I applaud the Bill's aims and very much hope that it will meet with success.

1.11 pm

Mr. Andrew Love (Edmonton): I seem to have been left out in that I am the only hon. Member who has not been circulated with information by the John Lewis Partnership; I shall write to draw the matter to its attention.

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I join other hon. Members in offering my congratulations to my hon. Friend the Member for Edinburgh, North and Leith (Mr. Lazarowicz)—I am sure that when he is in Leith, that title would change to "the hon. Member for Leith and Edinburgh, North". I congratulate him not only on his luck as a new Member in being drawn sixth in the first ballot that he entered—I could see the frustration on the faces of colleagues who have been in this place considerably longer and have never been drawn in the ballot—but, more important, on his choice of subject for his Bill.

Inevitably, as a private Member's Bill it will be only a limited measure, but employee participation is an extremely important issue, for two reasons. First, as has been said, it is crucial to the efficiency of the economy. Productivity, which is central, can be improved by employee participation. The performance of our companies—their ability to compete—is at stake. The measure also chimes in well with the direction that the Government have been taking.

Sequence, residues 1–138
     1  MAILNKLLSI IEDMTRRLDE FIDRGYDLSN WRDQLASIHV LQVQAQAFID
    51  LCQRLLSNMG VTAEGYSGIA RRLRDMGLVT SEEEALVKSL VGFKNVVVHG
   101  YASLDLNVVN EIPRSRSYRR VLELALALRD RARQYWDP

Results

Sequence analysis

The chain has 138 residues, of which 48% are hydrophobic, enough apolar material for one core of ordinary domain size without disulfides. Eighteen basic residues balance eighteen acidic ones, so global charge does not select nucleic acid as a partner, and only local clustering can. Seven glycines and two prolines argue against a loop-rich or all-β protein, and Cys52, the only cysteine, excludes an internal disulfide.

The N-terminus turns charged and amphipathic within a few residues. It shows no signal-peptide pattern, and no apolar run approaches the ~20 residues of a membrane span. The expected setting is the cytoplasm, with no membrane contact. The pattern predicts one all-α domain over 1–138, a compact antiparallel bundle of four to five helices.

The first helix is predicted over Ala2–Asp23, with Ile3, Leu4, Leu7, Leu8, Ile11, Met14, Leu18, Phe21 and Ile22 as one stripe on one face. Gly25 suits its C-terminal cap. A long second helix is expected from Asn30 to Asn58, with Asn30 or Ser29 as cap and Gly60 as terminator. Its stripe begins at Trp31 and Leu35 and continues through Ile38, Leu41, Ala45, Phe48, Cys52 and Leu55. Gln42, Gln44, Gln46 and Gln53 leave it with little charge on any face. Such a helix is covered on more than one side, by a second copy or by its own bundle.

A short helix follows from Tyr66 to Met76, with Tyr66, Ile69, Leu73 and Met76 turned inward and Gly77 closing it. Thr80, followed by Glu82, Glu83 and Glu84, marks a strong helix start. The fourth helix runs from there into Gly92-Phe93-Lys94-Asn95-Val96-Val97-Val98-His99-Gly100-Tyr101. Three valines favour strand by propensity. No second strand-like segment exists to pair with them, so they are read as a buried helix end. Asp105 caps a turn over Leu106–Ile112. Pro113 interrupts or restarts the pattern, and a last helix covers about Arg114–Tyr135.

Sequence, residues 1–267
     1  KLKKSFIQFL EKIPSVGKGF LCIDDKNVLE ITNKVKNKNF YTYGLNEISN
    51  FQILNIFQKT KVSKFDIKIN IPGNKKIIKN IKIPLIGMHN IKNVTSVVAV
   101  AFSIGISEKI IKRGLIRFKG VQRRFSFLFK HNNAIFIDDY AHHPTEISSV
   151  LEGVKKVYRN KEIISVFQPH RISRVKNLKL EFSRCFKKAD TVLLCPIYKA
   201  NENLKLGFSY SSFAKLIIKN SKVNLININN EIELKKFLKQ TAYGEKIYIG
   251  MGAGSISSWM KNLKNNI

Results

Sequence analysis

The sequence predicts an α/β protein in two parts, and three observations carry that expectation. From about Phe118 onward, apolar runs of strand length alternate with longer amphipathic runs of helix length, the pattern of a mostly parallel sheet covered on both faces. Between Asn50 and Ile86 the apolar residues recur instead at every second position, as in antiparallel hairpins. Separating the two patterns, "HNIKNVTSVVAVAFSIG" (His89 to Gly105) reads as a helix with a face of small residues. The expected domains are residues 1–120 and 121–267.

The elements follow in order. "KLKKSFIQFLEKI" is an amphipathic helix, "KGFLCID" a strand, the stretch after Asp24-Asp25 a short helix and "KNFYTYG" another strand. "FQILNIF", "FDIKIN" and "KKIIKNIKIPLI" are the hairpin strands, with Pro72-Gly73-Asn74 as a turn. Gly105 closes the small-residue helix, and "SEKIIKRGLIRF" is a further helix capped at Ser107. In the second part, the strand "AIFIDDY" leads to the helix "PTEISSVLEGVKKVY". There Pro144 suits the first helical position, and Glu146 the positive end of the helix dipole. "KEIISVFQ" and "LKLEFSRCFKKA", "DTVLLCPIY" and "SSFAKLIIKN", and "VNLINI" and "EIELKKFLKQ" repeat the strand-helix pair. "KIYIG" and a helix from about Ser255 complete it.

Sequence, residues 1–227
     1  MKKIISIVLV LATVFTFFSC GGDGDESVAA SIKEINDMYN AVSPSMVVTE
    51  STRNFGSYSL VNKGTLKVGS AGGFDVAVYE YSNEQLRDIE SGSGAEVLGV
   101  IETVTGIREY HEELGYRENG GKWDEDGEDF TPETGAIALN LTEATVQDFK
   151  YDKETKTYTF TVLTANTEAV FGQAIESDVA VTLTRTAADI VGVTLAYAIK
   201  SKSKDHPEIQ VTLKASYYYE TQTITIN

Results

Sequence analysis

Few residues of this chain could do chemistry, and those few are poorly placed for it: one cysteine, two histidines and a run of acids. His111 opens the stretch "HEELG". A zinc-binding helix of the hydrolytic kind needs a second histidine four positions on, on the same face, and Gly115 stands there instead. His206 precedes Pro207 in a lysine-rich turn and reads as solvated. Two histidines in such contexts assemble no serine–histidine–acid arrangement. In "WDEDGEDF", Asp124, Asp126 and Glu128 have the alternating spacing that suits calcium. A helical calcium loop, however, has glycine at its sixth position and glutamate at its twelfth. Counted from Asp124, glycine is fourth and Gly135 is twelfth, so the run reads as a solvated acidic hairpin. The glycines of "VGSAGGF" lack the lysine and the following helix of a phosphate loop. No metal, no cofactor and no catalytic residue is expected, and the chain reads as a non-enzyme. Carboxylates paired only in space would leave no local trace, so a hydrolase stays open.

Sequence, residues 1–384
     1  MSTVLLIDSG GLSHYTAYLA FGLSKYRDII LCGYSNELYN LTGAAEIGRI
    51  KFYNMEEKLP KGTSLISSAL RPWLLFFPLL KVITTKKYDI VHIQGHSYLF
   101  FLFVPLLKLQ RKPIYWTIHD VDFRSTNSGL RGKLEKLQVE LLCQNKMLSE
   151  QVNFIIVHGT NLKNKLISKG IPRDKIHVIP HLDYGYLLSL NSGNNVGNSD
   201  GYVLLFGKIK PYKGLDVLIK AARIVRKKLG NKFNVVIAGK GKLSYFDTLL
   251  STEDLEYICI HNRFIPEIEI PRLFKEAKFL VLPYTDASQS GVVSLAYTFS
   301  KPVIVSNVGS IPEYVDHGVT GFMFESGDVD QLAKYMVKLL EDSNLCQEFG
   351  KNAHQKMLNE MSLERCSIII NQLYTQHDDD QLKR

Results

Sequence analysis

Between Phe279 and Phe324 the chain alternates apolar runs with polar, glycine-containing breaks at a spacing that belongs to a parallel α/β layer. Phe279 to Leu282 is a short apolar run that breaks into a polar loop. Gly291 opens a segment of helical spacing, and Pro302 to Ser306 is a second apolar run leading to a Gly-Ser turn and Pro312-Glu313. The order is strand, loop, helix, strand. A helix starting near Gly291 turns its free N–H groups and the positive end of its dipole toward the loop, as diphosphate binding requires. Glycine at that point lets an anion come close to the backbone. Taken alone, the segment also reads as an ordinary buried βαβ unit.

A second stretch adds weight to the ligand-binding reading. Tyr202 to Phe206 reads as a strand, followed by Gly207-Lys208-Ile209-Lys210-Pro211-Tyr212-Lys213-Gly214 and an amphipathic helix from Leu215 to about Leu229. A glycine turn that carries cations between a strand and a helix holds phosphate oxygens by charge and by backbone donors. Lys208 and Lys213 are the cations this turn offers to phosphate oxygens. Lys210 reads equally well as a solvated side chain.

Why is employee participation important? First, it engages with all the employees of a company—with their skills, their special knowledge and particularly their commitment to the company. If it is conducted properly, it can improve employees' motivation and drive innovation from the shop floor, which is where most of the best ideas in good companies come from.

At its best, employee participation provides a genuine workplace partnership between the owners and those who represent them and the management and workers of a company. That has very important benefits for the company. First, as many hon. Members have said, it reduces employee turnover. Not only are workers retained for longer, but the effectiveness of their training increases. They do not go off and work for someone else as soon as they have completed their training. Therefore, investment in staff can pay dividends if one can keep hold of those staff.